Perhaps we can blame it on the summertime; which is usual in its heat, but lately with an unseasonable mugginess. But the latest news from Tunisia’s constituent assembly has caused outrage for many here. At issue is constitutional article 27, passed yesterday in the committee on rights and freedoms, one of the six committees drafting the new constitution. As Tunisia Live states:
The article….states that women’s rights should be protected “under the principal of complementarity at the heart of the family and as man’s associate in the development of the country,” …It was approved by a vote of 12 to 8 by the Commission of Rights and Liberties, with 9 of those voting for the clause coming from Tunisia’s ruling Islamist party, Ennahdha.
After the committee passed the law, Tunisian lawmaker Selma Mabrouk went to Facebook to protest what she saw as a backward step for women’s rights, in this the country with some of the most liberal rights for women in the Arab world. Mag 14 writes:
Ms. Mabrouk has posted a text simply titled “Bad day at the commission rights and freedoms.” She stresses that “the problem is that this meeting served as a pretext to members of Ennahdha to return to the principle of equality between men and women, that principle was unanimously endorsed in the article 22.” Article 22 in states that “citizens have equal rights and freedoms before the law without discrimination of any kind.”
Mabrouk is arguing that even though another article in the constitution (#22) has endorsed the principle of equality, article 27 is a backdoor way to go back on what had been a campaign promise of Tunisia’s dominant party, Ennahda.
Tunisia analyst and blogger Thierry Bressillon looks at the text proposed by Mabrouk, which was not passed: “The state guarantees the rights of women and her achievements in every field. It is forbidden to enact laws that may impair (her rights or achievements) in any manner whatsoever. The state must fight against all forms of discrimination or physical or psychological violence against women.” comparing it to the text that was passed by the majority: “The state protects the rights of women and its achievements under the principle of complementarity with the man within the family and as a partner to man in the development of the country. The State guarantees equal opportunities for women in all responsibilities. The State guarantees the fight against violence against women.”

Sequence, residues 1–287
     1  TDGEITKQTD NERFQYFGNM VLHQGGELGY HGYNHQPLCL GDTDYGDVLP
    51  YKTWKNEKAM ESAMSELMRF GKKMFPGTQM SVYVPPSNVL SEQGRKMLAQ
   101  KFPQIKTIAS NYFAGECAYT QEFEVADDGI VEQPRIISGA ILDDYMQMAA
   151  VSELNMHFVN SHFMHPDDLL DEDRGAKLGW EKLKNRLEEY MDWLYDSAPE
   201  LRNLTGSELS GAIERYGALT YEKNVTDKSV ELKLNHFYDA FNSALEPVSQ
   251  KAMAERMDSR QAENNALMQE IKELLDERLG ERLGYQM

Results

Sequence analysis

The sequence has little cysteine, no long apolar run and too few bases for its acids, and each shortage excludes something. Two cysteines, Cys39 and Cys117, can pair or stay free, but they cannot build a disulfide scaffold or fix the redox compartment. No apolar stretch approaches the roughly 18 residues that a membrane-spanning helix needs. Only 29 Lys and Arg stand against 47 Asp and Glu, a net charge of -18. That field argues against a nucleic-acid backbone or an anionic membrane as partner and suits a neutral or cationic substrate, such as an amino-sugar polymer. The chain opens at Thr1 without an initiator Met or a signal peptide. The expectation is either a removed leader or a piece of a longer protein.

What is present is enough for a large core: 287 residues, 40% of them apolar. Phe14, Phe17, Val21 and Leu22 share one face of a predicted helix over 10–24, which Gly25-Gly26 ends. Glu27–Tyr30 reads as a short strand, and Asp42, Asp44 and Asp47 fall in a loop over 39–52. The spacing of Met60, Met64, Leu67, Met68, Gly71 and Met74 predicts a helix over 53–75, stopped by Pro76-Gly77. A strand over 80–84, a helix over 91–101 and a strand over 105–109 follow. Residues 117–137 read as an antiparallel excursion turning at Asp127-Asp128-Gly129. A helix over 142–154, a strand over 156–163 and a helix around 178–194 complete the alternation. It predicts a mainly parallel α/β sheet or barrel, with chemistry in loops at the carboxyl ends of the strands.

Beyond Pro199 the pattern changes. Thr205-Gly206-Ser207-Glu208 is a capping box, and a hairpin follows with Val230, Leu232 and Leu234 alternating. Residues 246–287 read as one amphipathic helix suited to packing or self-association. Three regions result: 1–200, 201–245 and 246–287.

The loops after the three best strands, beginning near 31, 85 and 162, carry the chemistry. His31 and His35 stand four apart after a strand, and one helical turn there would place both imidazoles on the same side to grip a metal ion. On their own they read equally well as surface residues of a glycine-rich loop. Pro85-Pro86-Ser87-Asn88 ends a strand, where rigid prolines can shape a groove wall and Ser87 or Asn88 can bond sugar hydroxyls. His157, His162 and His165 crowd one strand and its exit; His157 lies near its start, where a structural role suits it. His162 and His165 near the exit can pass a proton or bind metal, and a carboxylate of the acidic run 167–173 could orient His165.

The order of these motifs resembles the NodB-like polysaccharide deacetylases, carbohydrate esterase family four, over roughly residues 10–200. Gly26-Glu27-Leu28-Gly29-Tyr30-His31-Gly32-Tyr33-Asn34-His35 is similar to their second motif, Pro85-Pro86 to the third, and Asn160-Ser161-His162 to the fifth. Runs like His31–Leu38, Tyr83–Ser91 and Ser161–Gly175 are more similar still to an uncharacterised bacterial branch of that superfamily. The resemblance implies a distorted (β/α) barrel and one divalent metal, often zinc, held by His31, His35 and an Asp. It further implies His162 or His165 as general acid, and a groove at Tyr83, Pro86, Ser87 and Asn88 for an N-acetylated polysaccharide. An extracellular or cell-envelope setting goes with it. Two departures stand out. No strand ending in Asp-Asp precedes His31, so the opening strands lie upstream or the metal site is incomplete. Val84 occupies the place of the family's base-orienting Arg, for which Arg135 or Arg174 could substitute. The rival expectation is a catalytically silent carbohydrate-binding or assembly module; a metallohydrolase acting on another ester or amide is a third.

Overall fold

He adds: “The notion of complementarity raises strong emotions. It challenges the principle of equality which was until now the official doctrine in Tunisia and internalized by many Tunisians.”
Tunisian-American activist Wafa Ben Hassine confirms this sentiment in an article in Nawaat: “Of all aspects of the constitution that Tunisians were worried about, women’s rights was the last on many people’s minds – the gains that women have acquired in Tunisia are admittedly unmatched in the Arab world, and Tunisians are proud of that.”
Bresillon goes on to argue that the article conforms to many Islamist notions of feminism, which value the role of women, but reject the notion of equality as a Western import. I can’t speak to the Islamist notions of equality, but this is certainly the perception of Ennahda that many of Tunisia’s opposition members hold. This especially after the fact that Ennahda lawmakers this week also proposed a blasphemy law that would criminalize any blasphemous speech or actions, including the recent art exhibit which caused riots in Tunisia in June by Salafists. directed against the three main monotheistic religions. The new law was also widely criticized by human rights groups including Human Rights Watch:
While the blasphemy law is likely to have more widespread support in Tunisian society, which remains religious and conservative, it is unclear if the law on women’s rights will have the same support. Support for women’s rights has deep roots in Tunisia, not just because of the famous personal status code, put into place by Habib Bourguiba, but also from a deep intellectual tradition from Tunisian intellectuals such as Tahar Hadad, both of whom remain national heroes.
Recent polling by the Pew Forum has shown that many women in Tunisia are concerned over whether the ruling party would protect women’s rights, with over 36% of young women worried that their rights would be reduced. I’ll close with quote from Wafa Ben Hassine, who writes:
Putting aside the crude, incondite language the clause uses – an awful injustice is done to a whole society when the constitution of a country deems it apt to define a woman and her rights as complementary to man’s existence. The real debate should not be centered on women’s rights. Instead, it should focus on human, citizen rights. Relegating the woman’s role to complementary to that of a man’s could have serious effects on generations to come. The clause insinuates that women cannot stand alone as complete – that they are dependent on men.
[Finally, a note to readers, I’ll be on summer holidays for the next couple weeks, more from Tunisia upon my return]